Samsung sourced LTPO OLED panels said to provide variable refresh rate on iPhone 13 "Pro" models
Back in the middle of last month, we told you that the Apple iPhone 13 Pro and Apple iPhone 13 Pro Max were likely to feature a 120Hz refresh rate. This means that the displays on these models will update up to 120 times per second to deliver buttery smooth scrolling and smooth animation for video games and other fare. The big drawback to using this technology is that it consumes battery life too quickly.
Samsung to supply all of the LTPO OLED panels for the 2021 "Pro" iPhone models
Apple plans on countering the energy-consumption issue by using low-temperature polycrystalline oxide (LTPO) backplane technology. With the LTPO screens, the refresh rate can be changed based on the content of the screen. For example, if a user is playing a mobile game, the 120Hz rate would be used. If something typically more static was being viewed, the refresh rate would drop sharply (in some cases to a refresh rate near 1%). Thus, the 120Hz refresh rate would not be used when not needed allowing the draw on the phone's battery to decline during those times. Additionally, using LTPO could also pave the way toward an "always-on" iPhone.But
Apple was believed to be a heartbeat away from using its ProMotion 120Hz refresh rate (used on the iPad Pro) on the iPhone 12. But concerns about possible battery drain from the feature and from 5G support led the manufacturer to 86 the fast refresh rate right before the start of mass production; this occurred even though Apple reportedly was close to a breakthrough that would have improved battery life. The combination of a 120Hz refresh rate and 5G connectivity presented too much demand on the batteries used with the iPhone 12 series.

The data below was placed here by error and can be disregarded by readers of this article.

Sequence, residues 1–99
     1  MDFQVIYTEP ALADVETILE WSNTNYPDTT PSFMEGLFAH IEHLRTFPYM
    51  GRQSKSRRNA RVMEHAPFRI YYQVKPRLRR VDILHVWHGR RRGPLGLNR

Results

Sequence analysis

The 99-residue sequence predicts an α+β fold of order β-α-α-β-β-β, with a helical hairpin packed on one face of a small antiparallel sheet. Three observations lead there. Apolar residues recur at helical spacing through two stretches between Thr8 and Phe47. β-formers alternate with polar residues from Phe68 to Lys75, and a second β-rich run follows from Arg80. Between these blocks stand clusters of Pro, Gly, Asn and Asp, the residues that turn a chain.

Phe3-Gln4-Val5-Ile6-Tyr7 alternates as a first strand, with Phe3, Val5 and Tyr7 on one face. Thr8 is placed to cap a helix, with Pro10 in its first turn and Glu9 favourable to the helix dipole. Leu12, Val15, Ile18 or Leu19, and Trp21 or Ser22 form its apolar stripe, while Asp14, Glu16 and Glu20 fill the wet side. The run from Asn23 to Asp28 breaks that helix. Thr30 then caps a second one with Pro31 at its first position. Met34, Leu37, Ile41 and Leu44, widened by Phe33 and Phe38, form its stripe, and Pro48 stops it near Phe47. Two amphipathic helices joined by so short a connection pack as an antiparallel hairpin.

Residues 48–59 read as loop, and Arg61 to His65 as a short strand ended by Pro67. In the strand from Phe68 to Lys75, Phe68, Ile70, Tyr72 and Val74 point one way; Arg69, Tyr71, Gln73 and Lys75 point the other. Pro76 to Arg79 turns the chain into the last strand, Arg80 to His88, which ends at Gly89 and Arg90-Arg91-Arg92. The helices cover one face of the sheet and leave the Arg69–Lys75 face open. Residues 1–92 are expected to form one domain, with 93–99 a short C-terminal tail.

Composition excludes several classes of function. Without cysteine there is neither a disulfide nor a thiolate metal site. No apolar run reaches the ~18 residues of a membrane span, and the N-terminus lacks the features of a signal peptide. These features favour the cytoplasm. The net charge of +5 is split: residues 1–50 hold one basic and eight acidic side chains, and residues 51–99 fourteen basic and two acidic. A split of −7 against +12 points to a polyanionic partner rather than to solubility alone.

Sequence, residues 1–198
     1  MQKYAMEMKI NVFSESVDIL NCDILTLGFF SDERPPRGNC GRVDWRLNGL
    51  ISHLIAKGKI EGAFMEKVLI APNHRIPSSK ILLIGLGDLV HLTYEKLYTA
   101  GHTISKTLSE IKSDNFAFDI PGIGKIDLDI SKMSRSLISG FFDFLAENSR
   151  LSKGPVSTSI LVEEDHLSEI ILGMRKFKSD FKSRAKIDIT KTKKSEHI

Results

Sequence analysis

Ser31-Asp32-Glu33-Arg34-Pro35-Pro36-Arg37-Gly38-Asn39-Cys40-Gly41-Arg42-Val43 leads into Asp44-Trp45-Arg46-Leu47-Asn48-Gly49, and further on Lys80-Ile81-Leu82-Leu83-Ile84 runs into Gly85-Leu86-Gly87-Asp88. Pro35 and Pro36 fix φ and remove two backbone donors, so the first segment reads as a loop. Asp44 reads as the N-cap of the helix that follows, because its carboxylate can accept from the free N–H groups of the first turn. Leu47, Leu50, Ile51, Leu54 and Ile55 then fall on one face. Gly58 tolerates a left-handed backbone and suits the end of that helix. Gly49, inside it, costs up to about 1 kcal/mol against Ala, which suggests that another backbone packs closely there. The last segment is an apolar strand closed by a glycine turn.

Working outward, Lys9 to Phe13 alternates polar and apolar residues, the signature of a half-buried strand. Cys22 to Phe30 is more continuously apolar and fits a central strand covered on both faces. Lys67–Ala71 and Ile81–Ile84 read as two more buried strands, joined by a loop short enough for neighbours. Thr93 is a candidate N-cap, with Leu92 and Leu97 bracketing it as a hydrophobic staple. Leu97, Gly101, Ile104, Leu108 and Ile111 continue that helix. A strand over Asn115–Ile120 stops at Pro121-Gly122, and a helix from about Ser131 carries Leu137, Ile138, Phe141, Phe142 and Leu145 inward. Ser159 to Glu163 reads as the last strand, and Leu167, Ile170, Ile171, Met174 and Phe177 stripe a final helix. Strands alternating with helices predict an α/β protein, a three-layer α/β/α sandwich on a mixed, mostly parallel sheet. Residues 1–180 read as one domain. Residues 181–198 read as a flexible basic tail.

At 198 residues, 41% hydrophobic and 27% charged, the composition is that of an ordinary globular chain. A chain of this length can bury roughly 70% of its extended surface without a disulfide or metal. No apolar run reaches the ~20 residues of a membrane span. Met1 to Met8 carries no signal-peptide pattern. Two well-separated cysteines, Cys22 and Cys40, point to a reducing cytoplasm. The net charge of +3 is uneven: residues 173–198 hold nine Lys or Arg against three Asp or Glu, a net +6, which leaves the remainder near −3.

Today, we've learned a bit more about the screens earmarked for the 2021 iPhone models. According to TheElec (via AppleInsider), Apple will be sourcing all of its LTPO OLED panels from Samsung. The report notes that while Sammy will be supplying Apple's LTPO display needs on an exclusive basis this year, LG Display is developing its own version and could be supplying Apple with the glass by 2022. That is also the year when Apple will reportedly use LTPO displays for all of its iPhone models, not just the pricier "Pro" variants.
The LTPO glass takes two weeks longer to produce that traditional OLED displays. That is due to a process needed to add oxide to the thin-film transistors, a step that is not used with the previous low-temperature polycrystalline silicon (LTPS) production process. Last year's Samsung Galaxy S20 Ultra was the first handset Samsung supplied with an LTPO display.
While today's report says that Samsung will be the lone supplier of the LTPO panels this year, Apple's rival is also expected to deliver most of the OLED panels to be used by Apple in 2021. That includes the glass for the iPhone 13 and iPhone 13 mini, neither of which is believed to feature a 120Hz refresh rate or an LTPO display. Outside of Samsung, the remaining OLED panels could be sourced from LG Display and BOE. Apple always has a difficult time in choosing to order parts from the firm considered its top rival in the smartphone industry. However, most of the other companies under consideration, including the aforementioned LG Display and BOE, often cannot deliver screens in the quantity and quality needed by Apple. And a supplier that Apple once counted on for its LCD needs, Japan Display, bet on the wrong horse and started work on OLED panels way too late. It also has financial problems that Apple has tried to alleviate. While Apple does use its OLED for the small displays on the Apple Watch, Japan Display is not in the running to supply Apple with OLED panels for the iPhone.